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Happy Halloween. Do you like our pumpkin lantern ?
These two clever peeps spent just over four hours creating this masterpiece while I cooked up the insides for soup. Just a regular night!
Ollie is really good at sculpture – clay, bronze, pumpkins… And he loves cartooning and you can see where this crazy hybrid of activities has taken him with the autumn fruits!
I enjoyed the whole Smile exhibition but must admit that seeing Julie Arkell’s work in the flesh was the motivating factor for going.
Her work fits perfectly into the brief for the exhibition because it is delightful, whimsical, nostalgic and amusing. It made me smile, coo, ahh and giggle.
Julie Arkell is one of Britain’s most recognisable folk artists. She works in paper mache and mixed-media .
Her construction process is completely handmade, beginning with manipulating the paper mache into figures and then dressing them by knitting and sewing bespoke garments.
Her work is the meeting point of domestic craft traditions and sculpture.
The ‘people’ she makes have references to bunnies, people, children and dolls but are none or all of those things at once.
I think this is what gives her work a storybook quality. That and the narrative which is hinted at through the embroidery on the clothing and the title of the work itself.
The clothing is reminiscent of an earlier age where petticoats and hobnail boots were standard. Julie likes to re-use items from the past such as lace trimmings and brooches which reinforces the historical quality of the characters.
I have always loved to make things using accessible materials like paper, glue, cardboard, fabric and wool, which relate to my papier-mache pieces. I am able to make pieces that express my feelings, thoughts and ideas, bringing past and present together. Julie Arkell, Flow Gallery.
I really loved this one A LOT. I love the expressions on their faces made through very little marking but a lot of expression through shape. I can just imagine these two sisters gossiping and comparing notes on things.
I adore the way their hair has been made and piled upon their heads and pinched in with ribbon.
I’m amazed by how much character comes thorough with such a lightness of touch. Carefully poised dots and lines, rouging and a clever wittiness with the printed text all combines to create a character that you can ‘read’ almost instantly.
There is something endearing about anything that is miniature and this outfit is no exception.
Collecting things is an important part of my work. I look for postcards, plastic dolls (that I take apart and rearrange) old books, aprons, fabric, buttons, jewellery, used toys and much more that captures my attention. I’m constantly writing down words and phrases and thinking up stories for the world I make. Julie Arkell at CAA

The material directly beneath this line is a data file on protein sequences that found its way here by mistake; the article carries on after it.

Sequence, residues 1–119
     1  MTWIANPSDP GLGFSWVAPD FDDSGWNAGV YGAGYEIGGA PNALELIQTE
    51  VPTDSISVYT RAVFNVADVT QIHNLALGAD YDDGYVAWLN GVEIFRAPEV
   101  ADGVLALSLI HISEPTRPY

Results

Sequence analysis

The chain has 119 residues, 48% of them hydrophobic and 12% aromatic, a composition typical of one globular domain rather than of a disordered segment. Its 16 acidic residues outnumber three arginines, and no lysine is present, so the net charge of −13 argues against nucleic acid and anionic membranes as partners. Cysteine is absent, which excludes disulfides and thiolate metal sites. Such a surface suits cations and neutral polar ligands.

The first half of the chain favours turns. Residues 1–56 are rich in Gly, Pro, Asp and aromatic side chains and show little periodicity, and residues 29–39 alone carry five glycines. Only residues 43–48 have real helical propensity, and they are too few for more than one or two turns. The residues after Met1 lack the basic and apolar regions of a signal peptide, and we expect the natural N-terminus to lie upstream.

I think her work perfectly suited this particular exhibition and I admit that I would like to don an apron and a pair of knitted ears and go and live in her fairytale world where it looks like relationships matter and its playtime all the time.
Yesterday I went into Staffordshire town center to catch the end of the Smile exhibition.
This is a Ruthin Craft Centre touring exhibition. I think it’s going to King’s Lynn next but you can look here to find out.
And the theme of the exhibition was simply ‘Smile”.
The exhibition showcases the work of thirteen contemporary applied artists all working in different fields.
The exhibition “looks at how makers have explored the quintessentially British love of everyday humour. Many of the works suggest memories of childhood and long-ago holidays or explore the comedy in ordinary life.”
- Janet Bolton
- And it did just that. It was a small exhibition but it had me smiling and exclaiming and cooing and feeling light-hearted and whimsical.
- Who couldn’t fail to smile at this simple, cute, crazy idea?
And I really enjoy Linda Millar’s embroidery because I love the celebration of life that these convey.
They do work to make me smile and feel happy, apart from being eye catching patterns and colours and well crafted.
“All the people in my work smile because mostly they are genuinely happy and contented and busy being about their business.”
And finally here’s a little Julie Arkell, but it’s just a taster.
There was much more than this but I have made a post for tomorrow which is dedicated to just her work.
I really love painting this pink PIP studio teacup because it has pattern in all the right places. I’m always on the lookout for cups with some decoration inside them as it helps break up what would otherwise be a large space of grey/white painting.
However, big, big fan aside, the rendering of the PIP bird always makes me smile because it is a little…non-plussed…dazed…is it alright to say a little camp?
I love to use masking fluid for the pattern on the saucer. It keeps those little white flowers a pure white with a pink wash over the top once it’s dried.